The Cathedral is Not the Church

by Rose Marie Berger


The Notre Dame Cathedral reflected in the sunglasses of a Parisian.

Less than a day after fire destroyed much of Notre Dame Cathedral in Paris, donations have flooded in to fund the rebuilding of the iconic 850-year-old church and world treasure — including nearly $1 billion just from a handful of France’s financial elites and corporations.

As flames consumed 900-year-old oak latticework on Monday, Rev. Jean-Marc Fournier, chaplain to the Paris fire brigade, ran into the church to rescue the Blessed Sacrament held in reserve in the tabernacle. Along with others, he formed a human chain to rescue priceless works of art, including the crown of thorns believed to be worn by Jesus.

In our Holy Week pilgrimage to Jesus’ crucifixion on Good Friday, we can meditate on his crown of thorns and the sacred Eucharist redeemed from ashes.

But we must also look deeper. The magnificent Cathedral of Our Lady in Paris is indeed a monument of living praise in stone, glass, and wood. It sits on the birthplace of Paris, one of the most beautiful cities in the world. It rises as a work of art built by human hands to the greater glory of God.

But, glorious as it is, the cathedral is not the church.

The church is not the architecture, artwork, artifacts, or sacred objects. 

The church is the living body of Christ found in the wounded, migrant, friendless, and exhausted who live on the streets of Paris. That is the church that Our Lady, Notre Dame, folds into her cloak.

Only in reaching out to these abandoned ones do we rescue what is most sacred. Only in rebuilding this incarnate church can Notre Dame be restored.

To rebuild Notre Dame requires reweaving France’s communal heart and making a human chain to rescue those lost and left behind.

To rebuild Notre Dame calls for a social and spiritual project that even the most secular French can support.


Makeshift refugee camp near the Stalingrad metro station in Paris, France.

Can the wealthy of the world support a Notre Dame project that starts in each French neighborhood, each European neighborhood, each American neighborhood? Can each neighborhood commit to providing housing, healthcare, and friendship to migrants, refugees, and asylum seekers living on the streets, living under threat of legal persecution?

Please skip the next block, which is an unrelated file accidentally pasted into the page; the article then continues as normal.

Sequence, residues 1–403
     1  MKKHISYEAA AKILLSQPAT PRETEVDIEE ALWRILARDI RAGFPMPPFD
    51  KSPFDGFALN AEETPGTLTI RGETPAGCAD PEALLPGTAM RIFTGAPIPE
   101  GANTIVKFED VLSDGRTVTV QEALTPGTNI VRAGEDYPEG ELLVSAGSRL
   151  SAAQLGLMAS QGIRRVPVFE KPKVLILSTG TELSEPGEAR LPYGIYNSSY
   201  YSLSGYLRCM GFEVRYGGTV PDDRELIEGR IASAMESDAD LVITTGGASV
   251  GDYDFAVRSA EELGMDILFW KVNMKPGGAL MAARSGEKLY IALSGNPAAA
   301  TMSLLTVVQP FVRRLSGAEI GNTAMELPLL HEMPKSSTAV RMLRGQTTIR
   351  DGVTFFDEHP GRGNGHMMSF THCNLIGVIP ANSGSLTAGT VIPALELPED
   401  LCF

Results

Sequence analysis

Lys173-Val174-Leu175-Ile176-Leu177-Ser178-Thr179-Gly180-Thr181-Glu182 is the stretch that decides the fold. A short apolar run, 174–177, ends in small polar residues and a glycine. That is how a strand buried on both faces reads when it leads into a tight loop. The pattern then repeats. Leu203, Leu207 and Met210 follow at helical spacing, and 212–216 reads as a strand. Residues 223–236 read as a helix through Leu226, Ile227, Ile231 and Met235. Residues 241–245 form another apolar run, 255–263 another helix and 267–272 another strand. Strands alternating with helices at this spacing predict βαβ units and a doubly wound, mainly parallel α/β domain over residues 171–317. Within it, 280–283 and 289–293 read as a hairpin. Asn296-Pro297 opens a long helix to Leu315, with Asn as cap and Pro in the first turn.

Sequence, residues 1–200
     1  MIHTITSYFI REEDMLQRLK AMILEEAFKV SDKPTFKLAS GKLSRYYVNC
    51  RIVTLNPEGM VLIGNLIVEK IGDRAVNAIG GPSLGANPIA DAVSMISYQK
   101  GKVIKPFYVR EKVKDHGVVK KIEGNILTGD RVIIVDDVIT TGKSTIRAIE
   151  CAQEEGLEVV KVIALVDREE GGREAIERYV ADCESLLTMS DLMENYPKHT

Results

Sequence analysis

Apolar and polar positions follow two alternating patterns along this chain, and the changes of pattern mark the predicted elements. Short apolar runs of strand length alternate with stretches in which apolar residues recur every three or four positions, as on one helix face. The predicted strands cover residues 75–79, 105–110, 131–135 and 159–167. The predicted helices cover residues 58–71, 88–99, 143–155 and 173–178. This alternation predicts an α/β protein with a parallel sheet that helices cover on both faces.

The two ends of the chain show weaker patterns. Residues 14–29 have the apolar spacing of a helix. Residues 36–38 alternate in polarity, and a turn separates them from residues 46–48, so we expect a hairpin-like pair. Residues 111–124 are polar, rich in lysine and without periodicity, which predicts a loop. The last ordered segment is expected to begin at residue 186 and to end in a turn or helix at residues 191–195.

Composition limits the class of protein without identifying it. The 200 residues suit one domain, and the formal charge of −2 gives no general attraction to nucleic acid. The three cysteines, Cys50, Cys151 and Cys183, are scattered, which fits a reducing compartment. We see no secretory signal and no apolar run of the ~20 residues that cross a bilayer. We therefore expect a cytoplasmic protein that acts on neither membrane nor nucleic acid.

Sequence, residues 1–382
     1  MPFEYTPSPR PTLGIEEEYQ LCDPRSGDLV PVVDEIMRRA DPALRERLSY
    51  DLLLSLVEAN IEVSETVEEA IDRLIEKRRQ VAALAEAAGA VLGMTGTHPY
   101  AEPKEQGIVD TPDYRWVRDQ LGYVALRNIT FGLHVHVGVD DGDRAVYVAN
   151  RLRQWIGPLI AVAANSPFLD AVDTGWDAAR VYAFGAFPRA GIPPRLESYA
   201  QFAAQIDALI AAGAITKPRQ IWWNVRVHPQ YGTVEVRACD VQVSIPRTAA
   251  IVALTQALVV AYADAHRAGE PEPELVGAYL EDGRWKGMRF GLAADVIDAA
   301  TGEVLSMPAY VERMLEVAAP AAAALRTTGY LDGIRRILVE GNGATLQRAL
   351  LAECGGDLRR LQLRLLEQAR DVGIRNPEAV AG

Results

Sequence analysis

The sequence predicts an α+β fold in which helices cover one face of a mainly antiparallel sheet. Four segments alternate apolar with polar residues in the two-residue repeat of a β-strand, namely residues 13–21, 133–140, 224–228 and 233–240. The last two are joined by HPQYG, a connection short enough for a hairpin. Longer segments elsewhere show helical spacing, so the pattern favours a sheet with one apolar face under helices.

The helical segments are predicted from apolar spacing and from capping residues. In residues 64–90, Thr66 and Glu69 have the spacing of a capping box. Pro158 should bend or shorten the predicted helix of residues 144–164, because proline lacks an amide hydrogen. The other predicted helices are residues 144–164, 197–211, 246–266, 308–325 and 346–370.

Remember, the church is not the building.

For each dollar donated to raise Notre Dame once again, let 2 dollars be donated to bring the body of Christ into a loving family. 

The new Notre Dame must be both an architectural project and a social process that sparks love for the “other,” treasuring the gifts of the other in our hearts, as Our Lady did (Luke 2:19).

The new Notre Dame – both project and process – must make it easier for the overfed to have a meal with the underfed, for the stressed and overpaid to rest with the exhausted and overworked, for the children of wealth and the children of poverty to plant vegetables together and play in a fountain and fly kites. The new Notre Dame must have open green spaces where the Earth and Creation can sprout forth.

Remember, the church is not the building. 

The church is the people of God – believers and nonbelievers, French and foreign, housed and homeless, artisans and CEOs – working together to rebuild France’s communal life.

We will know that Notre Dame is rebuilt when there is housing for the more than 16,000 people, primarily war and economic refugees, living in 497 informal settlements in France. One third of whom are located in Greater Paris.

Out of these ashes a new magnificent cathedral can be built that truly reflects the glory of God.–Rose Marie Berger

Rose Marie Berger, author of Bending the Arch: Poems, is a Catholic peace activist and poet.